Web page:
Sunday , October 13 2019
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Cullen Roche

Cullen Roche

Former mail delivery boy turned multi-asset investment manager, author, Ironman & chicken farmer. Probably should have stayed with mail delivery....

Articles by Cullen Roche

Three Things I Think I Think – Banning Billionaires and Other Stupid Ideas

4 days ago

Here are some things I think I am thinking about on this beautiful Wednesday before the Washington Nationals defeat the Los Angeles Dodgers¹:
1) Should we ban billionaires? Bernie Sanders says we should ban billionaires. It’s all part of the growing trend in the idea of wealth taxes that have become popular with some Democrats. It sounds like an okay-ish idea if you’re into progressive taxation, but it’s also an impractical idea that is predicated on misunderstandings. For instance, the majority of extremely wealthy people don’t actually have billions of dollars sitting in their bank accounts. They are paper billionaires who mostly own illiquid assets (like corporations or real assets). If they actually liquidated their assets they might quickly find out that they’re not worth what they

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The Upside of Commission Free Trading

12 days ago

I hate short-termism and anything that feeds on it (financial news, get rich quick schemes, etc). It is, in my opinion, one of the most destructive aspects of any financial plan as it chews up taxes and fees thereby making the average investor more active and mathematically worse performing. Commission free trading feeds on this. It is essentially an incentive to trade more, as these trades, which are quite costly, are viewed as being cost-less.
I bring this up as Schwab and Interactive Brokers join other brokers in eliminating commissions. It’s a move to try to retain or attract customers who view commissions as an important cost. Given that these firms still generate substantial revenue from trading it’s clear that the move is mostly targeted at the high churn customer. This isn’t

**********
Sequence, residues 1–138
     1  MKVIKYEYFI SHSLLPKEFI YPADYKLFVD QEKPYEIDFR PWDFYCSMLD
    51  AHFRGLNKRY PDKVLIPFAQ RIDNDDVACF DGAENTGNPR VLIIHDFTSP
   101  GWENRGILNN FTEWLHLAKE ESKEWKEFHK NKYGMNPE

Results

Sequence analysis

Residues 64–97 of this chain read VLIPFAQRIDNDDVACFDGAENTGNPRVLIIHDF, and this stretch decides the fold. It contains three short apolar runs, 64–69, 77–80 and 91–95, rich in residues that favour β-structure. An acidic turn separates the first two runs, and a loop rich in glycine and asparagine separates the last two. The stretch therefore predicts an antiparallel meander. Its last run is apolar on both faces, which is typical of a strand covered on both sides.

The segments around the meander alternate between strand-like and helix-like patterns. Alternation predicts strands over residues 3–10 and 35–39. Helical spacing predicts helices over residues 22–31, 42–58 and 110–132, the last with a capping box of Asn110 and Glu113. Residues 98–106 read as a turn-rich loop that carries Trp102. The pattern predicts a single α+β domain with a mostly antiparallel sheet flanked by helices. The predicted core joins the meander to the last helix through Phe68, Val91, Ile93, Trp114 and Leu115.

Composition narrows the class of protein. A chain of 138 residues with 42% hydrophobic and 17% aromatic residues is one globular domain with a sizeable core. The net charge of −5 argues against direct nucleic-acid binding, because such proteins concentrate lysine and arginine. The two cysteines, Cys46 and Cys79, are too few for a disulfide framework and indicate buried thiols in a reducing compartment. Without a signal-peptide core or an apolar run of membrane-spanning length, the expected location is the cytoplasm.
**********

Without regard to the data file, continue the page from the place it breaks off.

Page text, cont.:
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Three Things I Think I Think – Impeachable Ideas

16 days ago

This website is, to a large degree, about impeachment and impeaching bad ideas out of the worlds of finance and economics. So, here are some impeachable ideas I’ve been thinking about lately:
1) Market Cap Weighted Index Funds are “immoral”. WHAT? Here’s an article on MarketWatch where someone who runs a “socially responsible investment” firm says that owning a simple index fund is “immoral”. The basic argument is that owning things like gun makers or cigarette makers in an index fund makes you an immoral person. Look, this is nonsense and I explained it in detail in my ESG article. When you buy stocks on a secondary market you aren’t funding the company. You aren’t making that company any more capable of achieving success. You are literally just buying an existing share of stock from

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Three Things I Think I Think – Repo Madness!

24 days ago

Here are some things I think I am thinking about:
1.2.3. The Great Repo “Crisis” of 2019. If you’ve opened the financial section of the newspaper in recent days then you’ve probably been blasted in the face with lots of confusing jargon about a liquidity “crisis” in the repo market. This sort of stuff really bugs me because it’s a market that is relatively opaque and just confusing enough that people can blow it out of proportion and make it sound like something really scary when in fact it isn’t. So let’s drill down here a little bit.
First, this all starts in the reserve market. If you haven’t read my primer on bank reserves you might want to go sneak a peak. But the basic lesson is that there are two banking systems in the USA. There is a banking system for the banks and there is a